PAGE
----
Thank you for having the nerve to post this! Sure, it looks strange, but think about riders’ “mental image of what a motorcycle is supposed to look like”, and then visualize a classic Triumph, any modern adventure tourer, a Ducatti and anything from Confederate. About the only thing they have in common is two wheels, a means of steering and a place to sit. Riders have a large capacity to absorb changes in styling and seem willing to try just about anything. When I first saw this, before I read the copy, I thought “Confederate”. The humpback styling would take some getting used to (It’s not to my liking but that’s only me), but as I’ve said before, builders of e-bikes will have to make a different styling statement to distance themselves from fuel bikes. The Saietta looks as if it is poised to do just that, but with a healthy dose of technology to reduce weight and improve handling. It appears to be an out-and-out performance machine with limited but not crippling range, but with on-board digital controls I’m sure it can be quickly “tuned” for more economical operation. 112 miles for the R model isn’t too bad; my weekly commuting mileage is 200 miles and I have to fill my B50’s tank once during the week (It only holds 2 gallons). If I rode an e-bike with even 100-mile range I would have no trouble; just plug it in when I park it in the garage (like I do with a battery tender now) and it’s ready to go the next morning. E-bikes are here to stay; battery technology is improving at a modest pace but improving nonetheless. My personal opinion of the Saietta is that it’s one odd-looking machine, but I can’t deny its performance is stunning, according to Duncan’s report. And I wouldn’t mind riding a quiet bike with no clutch or gearshift to bother with — most 4-wheelers sold today have automatic transmissions — in heavy commuter traffic I could concentrate better not having to monitor the mechanical aspects of riding. As a rider of vintage English bikes, I have more than the average experience with this. Plus, they’re gross polluters; I can only justify riding them by choosing a late-model 4-wheeler with modern emissions controls as my “other” driver. So kudos to the folks at Saietta — helping to drag us, kicking and screaming, out of the fuel age.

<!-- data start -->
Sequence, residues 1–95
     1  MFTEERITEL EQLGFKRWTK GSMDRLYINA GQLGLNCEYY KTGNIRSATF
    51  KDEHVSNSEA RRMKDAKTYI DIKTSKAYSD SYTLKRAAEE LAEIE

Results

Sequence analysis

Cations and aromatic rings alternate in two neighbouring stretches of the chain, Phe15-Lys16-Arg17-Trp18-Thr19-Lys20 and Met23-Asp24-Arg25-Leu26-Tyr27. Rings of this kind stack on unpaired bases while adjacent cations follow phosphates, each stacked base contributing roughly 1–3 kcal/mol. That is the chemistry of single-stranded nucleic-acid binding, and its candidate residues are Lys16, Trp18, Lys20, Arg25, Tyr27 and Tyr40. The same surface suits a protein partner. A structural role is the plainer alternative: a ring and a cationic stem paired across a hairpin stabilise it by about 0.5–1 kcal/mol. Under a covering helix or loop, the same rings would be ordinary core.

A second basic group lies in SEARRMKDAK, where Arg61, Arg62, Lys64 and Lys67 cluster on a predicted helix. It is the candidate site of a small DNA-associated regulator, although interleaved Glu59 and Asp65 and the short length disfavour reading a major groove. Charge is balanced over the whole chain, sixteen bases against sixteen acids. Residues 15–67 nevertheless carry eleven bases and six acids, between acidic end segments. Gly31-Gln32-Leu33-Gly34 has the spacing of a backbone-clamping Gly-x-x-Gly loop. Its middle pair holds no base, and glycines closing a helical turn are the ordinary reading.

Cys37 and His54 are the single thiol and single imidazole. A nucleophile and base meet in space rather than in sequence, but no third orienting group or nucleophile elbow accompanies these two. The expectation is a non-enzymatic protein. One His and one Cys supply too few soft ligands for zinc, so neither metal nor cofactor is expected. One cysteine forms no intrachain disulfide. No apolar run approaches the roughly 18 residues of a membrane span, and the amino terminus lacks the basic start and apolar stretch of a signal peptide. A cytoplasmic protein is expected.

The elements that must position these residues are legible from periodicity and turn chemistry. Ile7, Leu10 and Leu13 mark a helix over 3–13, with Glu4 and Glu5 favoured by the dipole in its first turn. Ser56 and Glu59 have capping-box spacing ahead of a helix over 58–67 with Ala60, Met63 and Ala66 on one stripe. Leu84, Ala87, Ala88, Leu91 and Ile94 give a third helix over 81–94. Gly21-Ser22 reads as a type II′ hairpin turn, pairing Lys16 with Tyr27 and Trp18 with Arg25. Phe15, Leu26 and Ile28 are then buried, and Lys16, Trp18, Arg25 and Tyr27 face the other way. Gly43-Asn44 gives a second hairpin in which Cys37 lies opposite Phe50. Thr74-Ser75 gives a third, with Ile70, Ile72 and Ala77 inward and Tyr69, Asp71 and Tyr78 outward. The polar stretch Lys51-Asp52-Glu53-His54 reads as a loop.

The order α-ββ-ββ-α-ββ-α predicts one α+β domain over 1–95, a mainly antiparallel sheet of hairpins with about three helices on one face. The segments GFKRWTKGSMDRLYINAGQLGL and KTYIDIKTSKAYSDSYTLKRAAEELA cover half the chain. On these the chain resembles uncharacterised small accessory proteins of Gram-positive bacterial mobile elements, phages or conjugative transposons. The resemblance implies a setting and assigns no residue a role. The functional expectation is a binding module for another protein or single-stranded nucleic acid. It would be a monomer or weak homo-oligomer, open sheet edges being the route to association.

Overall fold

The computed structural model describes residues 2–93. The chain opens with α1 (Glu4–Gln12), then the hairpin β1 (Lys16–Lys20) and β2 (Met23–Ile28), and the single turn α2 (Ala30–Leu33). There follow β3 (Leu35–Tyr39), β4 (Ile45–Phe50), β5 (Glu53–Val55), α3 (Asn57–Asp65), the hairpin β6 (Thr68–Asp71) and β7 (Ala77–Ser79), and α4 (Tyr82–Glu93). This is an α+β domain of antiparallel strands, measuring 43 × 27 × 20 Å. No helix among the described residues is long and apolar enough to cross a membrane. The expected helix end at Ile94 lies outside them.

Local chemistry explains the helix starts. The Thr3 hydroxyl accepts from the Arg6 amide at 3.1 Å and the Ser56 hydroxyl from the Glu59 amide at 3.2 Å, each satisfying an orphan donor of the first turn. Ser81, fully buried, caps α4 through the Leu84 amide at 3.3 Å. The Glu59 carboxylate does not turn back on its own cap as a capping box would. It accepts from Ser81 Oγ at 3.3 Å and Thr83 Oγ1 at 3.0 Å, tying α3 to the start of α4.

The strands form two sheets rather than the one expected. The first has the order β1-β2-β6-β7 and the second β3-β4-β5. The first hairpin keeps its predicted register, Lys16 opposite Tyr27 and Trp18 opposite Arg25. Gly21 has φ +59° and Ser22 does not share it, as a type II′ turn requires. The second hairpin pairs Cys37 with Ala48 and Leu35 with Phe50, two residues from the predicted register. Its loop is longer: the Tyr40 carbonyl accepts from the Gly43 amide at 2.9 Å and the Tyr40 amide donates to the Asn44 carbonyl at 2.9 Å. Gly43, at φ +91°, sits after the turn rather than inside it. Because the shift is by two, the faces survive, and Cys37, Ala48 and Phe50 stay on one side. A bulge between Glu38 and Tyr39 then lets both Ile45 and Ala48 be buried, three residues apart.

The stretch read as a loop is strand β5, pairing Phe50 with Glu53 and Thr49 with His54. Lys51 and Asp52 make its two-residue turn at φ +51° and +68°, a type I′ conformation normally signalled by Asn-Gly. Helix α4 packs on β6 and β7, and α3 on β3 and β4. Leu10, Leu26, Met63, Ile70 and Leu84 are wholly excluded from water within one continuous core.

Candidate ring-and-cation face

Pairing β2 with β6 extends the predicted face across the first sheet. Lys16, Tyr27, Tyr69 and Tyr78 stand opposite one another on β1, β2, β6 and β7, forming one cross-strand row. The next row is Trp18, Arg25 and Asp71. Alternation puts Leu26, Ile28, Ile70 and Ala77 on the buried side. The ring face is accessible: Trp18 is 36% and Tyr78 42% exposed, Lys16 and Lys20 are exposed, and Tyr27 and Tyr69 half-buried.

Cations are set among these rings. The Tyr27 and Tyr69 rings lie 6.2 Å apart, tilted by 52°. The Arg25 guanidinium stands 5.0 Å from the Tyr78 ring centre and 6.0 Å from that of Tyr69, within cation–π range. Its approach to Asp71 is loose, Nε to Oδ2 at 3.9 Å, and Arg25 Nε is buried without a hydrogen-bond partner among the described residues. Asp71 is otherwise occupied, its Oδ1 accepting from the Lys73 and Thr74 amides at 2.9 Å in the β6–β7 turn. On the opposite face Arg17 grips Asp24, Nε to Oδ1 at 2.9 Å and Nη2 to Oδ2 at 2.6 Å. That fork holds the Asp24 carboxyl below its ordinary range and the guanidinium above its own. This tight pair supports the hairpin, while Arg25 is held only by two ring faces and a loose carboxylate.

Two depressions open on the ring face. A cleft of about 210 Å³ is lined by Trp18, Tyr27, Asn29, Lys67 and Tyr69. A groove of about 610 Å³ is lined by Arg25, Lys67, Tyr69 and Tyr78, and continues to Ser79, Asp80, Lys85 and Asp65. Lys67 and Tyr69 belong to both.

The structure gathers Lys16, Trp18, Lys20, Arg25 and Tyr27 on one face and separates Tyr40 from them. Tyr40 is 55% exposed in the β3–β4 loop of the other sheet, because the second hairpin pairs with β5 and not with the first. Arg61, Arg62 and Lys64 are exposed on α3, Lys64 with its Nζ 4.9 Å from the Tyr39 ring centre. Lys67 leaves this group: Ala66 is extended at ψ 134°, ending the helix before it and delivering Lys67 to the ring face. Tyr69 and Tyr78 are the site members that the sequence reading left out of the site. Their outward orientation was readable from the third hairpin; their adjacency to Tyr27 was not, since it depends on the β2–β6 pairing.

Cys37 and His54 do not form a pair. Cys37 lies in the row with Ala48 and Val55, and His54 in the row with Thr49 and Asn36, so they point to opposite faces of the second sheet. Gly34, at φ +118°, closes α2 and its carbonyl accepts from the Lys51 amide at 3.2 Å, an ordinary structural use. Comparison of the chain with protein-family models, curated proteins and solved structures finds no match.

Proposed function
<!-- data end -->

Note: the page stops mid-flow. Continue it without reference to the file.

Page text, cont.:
• Wave says

      That’s awesome! Looks like a great build. Only 30 miles range out of $3000 worth of batteries, but they’d be a very fun 30 miles!

  2. akaaccount says

    Looks crazy, but that’s not necessarily a bad thing. Wayyy outside the box and it works.

  3. says

    “The slightest twitch of the throttle and the bike pulls” Sounds like the throttle controls voltage, which makes the throttle VERY twitchy at low speeds. Having the throttle control current should be much smoother, but it’s a lot harder to find off the shelf controllers with current throttles. The motor looks off the shelf, likely two motors. (which are DAMN nice motors)

    No trail up front is interesting. It’s unlikely to be ride able no-hands, but should only require a very light touch on the steering. CG looks pretty high and forward too. Someone obviously spend a lot of time with or some equivalent tool given the good manners.

    Definitely a Hossack/Fior suspension up front. Always love to see those in action :) Especially love to see them when they’ve been carefully engineered, the added design freedom can cut both ways.

    Range looks respectable and quite useful. Still if you want more range, a proper tail box and low rolling resistance tires will make a dramatic difference.

    Me like!

  4. says

    “….material development now means the monocoque of the body is strong enough to be self supporting and the subframe simply remains as customers feel reassured to see it there.”

    THIS! Drives me crazy. How many times have I read on the Internet comments like:
    The wheels will fall off
    It won’t be able to turn
    Bet such and such breaks as soon as it hits a bump

    The list of armchair engineering is nearly endless, as if those building something for mass public consumption haven’t thought about things so basic as turning. I take a general trust that someone somewhere when involved in the development of something has thought of roads having a bump or two in them. Aptera comes to mind, or the Delta Wing (even though the wing wasn’t built for the everyday mass produced use, it sure shut the skeptics up despite being wrecked)
    Just because something does not follow the traditional look we are accustomed to does not mean the minimum basics weren’t considered. We need to open up as consumers and let the things get built without having to satisfy our need for potentially needless design just because we are hung up that part x must look exactly like part x that we know and are familiar with.

    • Fred M. says